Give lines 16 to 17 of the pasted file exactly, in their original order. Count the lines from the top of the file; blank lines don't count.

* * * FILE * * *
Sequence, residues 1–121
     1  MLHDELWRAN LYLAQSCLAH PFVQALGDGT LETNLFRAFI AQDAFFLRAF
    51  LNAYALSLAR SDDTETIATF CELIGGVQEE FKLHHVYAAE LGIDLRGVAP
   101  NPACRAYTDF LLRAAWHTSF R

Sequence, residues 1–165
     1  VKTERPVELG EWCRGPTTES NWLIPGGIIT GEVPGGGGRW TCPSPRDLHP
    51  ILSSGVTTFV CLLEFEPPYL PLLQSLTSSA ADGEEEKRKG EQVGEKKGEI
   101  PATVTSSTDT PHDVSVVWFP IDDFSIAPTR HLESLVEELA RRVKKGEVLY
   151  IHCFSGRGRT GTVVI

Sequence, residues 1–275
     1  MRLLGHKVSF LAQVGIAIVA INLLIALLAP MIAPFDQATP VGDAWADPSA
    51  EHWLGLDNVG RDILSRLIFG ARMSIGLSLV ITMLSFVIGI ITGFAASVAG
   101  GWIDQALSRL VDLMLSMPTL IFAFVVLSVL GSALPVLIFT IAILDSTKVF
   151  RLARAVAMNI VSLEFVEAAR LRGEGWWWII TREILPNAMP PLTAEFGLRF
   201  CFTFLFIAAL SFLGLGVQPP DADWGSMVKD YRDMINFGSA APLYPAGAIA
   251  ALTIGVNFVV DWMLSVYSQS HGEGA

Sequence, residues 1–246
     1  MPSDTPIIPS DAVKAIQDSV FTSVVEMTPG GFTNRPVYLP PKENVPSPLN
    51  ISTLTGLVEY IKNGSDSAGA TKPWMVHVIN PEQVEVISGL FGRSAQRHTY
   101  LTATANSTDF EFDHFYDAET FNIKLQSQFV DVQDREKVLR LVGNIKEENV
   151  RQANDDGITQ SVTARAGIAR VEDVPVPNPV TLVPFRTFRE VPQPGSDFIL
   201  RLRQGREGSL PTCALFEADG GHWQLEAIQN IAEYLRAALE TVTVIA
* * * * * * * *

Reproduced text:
   251  ALTIGVNFVV DWMLSVYSQS HGEGA

Sequence, residues 1–246